Can you believe we're in the middle of February, Sacramento? The daffodils in my courtyard are blooming like crazy and it was so sunny outside that I opened all the windows in the cottage yesterday. In fact the weather was so springlike that Mr.S. and I decided to do a little outdoor grilling last night. He grilled up some fresh black cod from Oto's and I whipped up some tangy roasted Meyer lemon salsa to put on top of it. Have you ever had black cod before? If not, give it a try. We love it, it's really mild not fishy tasting at all and the texture is velvety. We paired it with sauteed mushrooms (hen-of-the-woods, oyster and shimeji in olive oil and garlic) and some roasted romanesco (we can't get enough of this stuff). An easy and healthy dinner.

Roasted Lemon Salsa ("Cooking One on One: Private Lessons in Simple, Contemporary Food From a Master Teacher," by John Ash)


2 large lemons (about 1/2 pound), scrubbed*

2/3 cup extra-virgin olive oil

1/4 cup finely chopped shallots or scallion (white part only)

1 tablespoon sugar, or to taste

2 teaspoons kosher or sea salt, or to taste

Freshly ground pepper

1/4 cup fresh lemon juice, or to taste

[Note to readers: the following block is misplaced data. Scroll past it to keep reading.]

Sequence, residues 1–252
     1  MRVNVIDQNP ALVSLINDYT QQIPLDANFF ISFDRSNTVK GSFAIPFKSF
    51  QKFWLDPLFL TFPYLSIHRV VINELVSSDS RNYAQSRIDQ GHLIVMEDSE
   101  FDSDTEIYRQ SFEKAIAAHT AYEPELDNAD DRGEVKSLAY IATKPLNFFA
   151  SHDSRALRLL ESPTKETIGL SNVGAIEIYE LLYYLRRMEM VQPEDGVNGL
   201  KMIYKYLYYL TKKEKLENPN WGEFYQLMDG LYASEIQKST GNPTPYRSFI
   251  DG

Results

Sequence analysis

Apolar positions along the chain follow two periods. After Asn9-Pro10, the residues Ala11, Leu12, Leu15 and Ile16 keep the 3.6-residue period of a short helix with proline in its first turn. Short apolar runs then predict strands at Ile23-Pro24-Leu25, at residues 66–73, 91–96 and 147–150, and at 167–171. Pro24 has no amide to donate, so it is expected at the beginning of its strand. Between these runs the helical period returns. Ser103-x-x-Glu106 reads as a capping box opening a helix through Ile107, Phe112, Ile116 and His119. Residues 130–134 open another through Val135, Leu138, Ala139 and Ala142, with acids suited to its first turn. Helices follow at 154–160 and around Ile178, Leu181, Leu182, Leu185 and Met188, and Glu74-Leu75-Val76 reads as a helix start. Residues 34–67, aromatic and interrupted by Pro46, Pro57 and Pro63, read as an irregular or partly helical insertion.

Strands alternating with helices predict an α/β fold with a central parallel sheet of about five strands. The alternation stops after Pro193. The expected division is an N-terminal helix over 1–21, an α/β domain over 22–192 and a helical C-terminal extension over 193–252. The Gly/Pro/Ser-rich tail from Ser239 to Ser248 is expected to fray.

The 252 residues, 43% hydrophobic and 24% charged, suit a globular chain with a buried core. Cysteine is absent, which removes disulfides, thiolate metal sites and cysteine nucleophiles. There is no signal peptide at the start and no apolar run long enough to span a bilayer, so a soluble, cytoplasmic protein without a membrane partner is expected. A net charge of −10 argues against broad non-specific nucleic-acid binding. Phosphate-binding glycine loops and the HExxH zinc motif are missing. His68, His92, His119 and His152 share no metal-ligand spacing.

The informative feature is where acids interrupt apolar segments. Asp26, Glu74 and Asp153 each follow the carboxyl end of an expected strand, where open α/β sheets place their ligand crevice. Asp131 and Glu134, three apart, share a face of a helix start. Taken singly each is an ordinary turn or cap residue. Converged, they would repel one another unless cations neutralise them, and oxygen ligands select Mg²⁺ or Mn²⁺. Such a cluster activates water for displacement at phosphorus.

- Preheat oven to 400 degrees.

- Cut the lemons in half and pick out the seeds. Lightly coat the lemons with a tablespoon of the oil. Place the lemons cut side down in a baking dish and roast uncovered for 25 minutes. Remove, cool and cut the lemons into 1/4-inch dice.

- In a bowl, combine the lemons, the remaining olive oil, shallots, sugar and salt and stir gently. Cover and set aside for at least 3 hours so the flavors can marry and mellow. Initially, the lemons may seem a little harsh or bitter but as they sit the flavor changes markedly. Taste it a couple of times throughout the rest period and you'll see. Adjust the seasonings with additional salt, pepper and lemon juice. Store covered in the refrigerator for up to a week.

*NOTE: Commercially grown citrus is coated with a wax that gives it a nice shine and also helps extend its shelf life -- fruits don't dry out as quickly when waxed. Although it's "food-grade" wax, none of us needs to consume it. The best way to remove it is to use a mild detergent solution and a clean pot-scrubber sponge. Rinse thoroughly, of course.
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